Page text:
https://www.midwayusa.com/product/15...gauge-556x45mm

Or get the bolt and barrel for same company.
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Old August 11, 2017, 10:02 PM   #7
marine6680
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Some questions...

WHat kind of build do you want?

Standard Carbine...
Upgraded Carbine...
Precision Rifle...

That matters.

Most people just want a standard carbine, or one that has some upgrades like free float rails. Its the most common variant, and can be pretty versatile in how you set it up.

Then what kind of sighting options do you want?
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Old August 12, 2017, 05:51 AM   #8
Mobuck
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A "good enough" AR is in the $400-450 range now. Most will achieve decent accuracy and functionality.
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Old August 12, 2017, 06:48 AM   #9
Prndll
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I've always built all my own computers. Building your own from the ground up is the perfect way to go to ensure you end up with exactly what you want. It's isn't necessarily cheaper but it is better. It is the process of actually doing it where your likely to learn the most and get the most out of it.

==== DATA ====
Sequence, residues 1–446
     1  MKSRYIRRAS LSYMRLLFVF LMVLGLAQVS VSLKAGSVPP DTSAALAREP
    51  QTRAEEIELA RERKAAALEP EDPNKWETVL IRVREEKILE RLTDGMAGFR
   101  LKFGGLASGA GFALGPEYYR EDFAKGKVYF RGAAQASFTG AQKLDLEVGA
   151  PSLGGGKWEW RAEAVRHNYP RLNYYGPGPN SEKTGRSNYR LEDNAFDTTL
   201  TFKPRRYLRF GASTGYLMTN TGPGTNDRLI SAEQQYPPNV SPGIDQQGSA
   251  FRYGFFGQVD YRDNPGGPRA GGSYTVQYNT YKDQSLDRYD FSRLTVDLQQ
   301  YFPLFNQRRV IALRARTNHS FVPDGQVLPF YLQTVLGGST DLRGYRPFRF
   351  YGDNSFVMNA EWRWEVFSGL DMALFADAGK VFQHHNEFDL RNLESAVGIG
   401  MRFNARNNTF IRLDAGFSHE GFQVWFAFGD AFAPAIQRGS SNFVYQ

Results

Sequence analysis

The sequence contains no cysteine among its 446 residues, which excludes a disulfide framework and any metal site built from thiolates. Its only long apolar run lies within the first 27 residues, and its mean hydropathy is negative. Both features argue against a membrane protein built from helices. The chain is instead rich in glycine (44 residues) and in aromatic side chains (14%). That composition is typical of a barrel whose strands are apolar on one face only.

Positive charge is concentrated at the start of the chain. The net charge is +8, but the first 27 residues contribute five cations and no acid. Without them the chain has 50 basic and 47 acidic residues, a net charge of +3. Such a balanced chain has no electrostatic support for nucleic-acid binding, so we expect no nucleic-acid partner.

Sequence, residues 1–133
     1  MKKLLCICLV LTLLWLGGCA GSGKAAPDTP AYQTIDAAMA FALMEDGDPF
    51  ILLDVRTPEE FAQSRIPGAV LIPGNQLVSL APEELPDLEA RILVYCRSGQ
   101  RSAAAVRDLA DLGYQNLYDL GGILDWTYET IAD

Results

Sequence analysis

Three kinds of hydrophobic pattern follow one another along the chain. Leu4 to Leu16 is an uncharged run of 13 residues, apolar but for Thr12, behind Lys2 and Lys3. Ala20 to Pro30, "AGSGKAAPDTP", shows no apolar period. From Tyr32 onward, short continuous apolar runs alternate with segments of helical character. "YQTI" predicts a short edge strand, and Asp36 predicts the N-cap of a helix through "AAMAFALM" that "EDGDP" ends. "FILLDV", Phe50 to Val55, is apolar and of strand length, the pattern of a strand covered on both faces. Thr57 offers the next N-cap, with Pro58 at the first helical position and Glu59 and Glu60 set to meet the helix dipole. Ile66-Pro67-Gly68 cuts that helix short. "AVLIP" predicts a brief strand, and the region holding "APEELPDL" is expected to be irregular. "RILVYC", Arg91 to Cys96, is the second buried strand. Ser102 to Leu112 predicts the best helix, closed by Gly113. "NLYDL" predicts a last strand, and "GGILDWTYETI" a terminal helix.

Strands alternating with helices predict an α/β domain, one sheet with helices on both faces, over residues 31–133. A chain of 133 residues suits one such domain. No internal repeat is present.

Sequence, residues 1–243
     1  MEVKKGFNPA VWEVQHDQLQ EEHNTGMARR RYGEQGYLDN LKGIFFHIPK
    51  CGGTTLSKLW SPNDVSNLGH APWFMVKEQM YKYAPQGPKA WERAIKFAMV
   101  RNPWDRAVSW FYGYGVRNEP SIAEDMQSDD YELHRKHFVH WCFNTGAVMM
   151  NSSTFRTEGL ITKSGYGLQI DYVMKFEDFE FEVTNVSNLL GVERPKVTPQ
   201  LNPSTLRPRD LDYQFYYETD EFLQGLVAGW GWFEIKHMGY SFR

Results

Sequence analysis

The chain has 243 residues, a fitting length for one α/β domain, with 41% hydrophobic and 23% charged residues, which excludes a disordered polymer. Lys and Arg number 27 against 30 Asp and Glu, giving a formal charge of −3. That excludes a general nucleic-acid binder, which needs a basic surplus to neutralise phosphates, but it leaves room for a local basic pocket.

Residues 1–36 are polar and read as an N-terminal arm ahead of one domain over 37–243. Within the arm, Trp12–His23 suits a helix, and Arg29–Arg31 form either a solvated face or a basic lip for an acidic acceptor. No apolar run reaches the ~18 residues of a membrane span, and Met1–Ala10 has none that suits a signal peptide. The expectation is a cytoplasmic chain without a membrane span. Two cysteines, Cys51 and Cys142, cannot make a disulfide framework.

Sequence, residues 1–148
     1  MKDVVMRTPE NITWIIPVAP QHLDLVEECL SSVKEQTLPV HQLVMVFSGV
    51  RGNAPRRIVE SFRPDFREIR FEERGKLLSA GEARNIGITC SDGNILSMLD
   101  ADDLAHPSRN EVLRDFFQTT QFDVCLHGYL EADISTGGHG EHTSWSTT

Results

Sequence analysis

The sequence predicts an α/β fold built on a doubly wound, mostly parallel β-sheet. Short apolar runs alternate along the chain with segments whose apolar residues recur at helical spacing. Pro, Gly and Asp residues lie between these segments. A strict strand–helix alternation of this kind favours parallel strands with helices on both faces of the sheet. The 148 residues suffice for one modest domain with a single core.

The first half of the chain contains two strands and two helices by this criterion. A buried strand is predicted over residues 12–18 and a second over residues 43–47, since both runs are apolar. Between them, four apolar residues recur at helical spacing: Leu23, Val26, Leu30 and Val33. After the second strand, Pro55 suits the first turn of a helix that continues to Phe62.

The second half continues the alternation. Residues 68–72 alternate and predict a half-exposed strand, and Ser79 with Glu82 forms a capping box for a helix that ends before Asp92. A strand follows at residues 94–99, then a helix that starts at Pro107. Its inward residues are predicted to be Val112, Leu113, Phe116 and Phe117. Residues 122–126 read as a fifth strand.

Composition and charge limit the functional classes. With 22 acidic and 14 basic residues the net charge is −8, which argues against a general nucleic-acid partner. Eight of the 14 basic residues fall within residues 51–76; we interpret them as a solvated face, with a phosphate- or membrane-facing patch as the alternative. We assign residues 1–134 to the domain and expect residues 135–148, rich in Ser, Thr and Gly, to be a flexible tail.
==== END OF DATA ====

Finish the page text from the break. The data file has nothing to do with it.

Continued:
Upto this point, my main interests have been handguns. I'll be moving into rifles and shotguns before too long. Building AR's is certainly where I'm likely to gravitate.
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Old August 12, 2017, 08:41 AM   #10
rickyrick
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It is harder to build an upper for less money than just buying one. I still
Prefer to source the parts separately for the fun of it. BCM is well respected in the AR community.
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Old August 12, 2017, 09:57 AM   #11
Skadoosh
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Just don't buy a polymer lower. Milled lowers are just stupidly priced and unnecessarily heavy. Stick with a forged lower from any reputable manufacturer.
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Old August 12, 2017, 10:26 AM   #12
bfoosh006
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With the Labor Day sales just around the corner... I would save my money and see what is gonna be available.

That said.. A BCM Lower or upper will last a lifetime, their QC is excellent. Places like PSA, while bargains.. have ( for me ) lacked certain QC.... all issues were easily fixed by me... but you need to check PSA's work. ( Loose barrel nuts, loose flash suppressors, gas block to gas tube interference, FF tube loose... that kinda stuff, anyone can readily fix PSA stuff. )

PSA is a great deal... I own many uppers and blemished lowers etc... so I am not slamming them.